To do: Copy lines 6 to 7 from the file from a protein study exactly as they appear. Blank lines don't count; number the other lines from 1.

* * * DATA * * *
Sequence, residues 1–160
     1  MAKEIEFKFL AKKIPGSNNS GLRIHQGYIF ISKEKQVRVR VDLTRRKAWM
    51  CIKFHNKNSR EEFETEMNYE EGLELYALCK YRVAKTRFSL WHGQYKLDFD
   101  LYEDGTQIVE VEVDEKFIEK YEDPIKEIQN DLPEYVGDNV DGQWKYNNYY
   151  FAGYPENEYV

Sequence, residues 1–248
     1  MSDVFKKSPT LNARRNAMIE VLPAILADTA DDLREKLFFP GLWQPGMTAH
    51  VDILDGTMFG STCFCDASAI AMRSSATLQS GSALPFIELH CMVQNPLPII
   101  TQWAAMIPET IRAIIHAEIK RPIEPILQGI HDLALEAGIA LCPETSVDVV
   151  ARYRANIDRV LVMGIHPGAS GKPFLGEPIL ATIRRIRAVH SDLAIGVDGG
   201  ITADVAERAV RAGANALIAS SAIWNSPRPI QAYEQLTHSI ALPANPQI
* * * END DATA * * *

Sequence, residues 1–248
     1  MSDVFKKSPT LNARRNAMIE VLPAILADTA DDLREKLFFP GLWQPGMTAH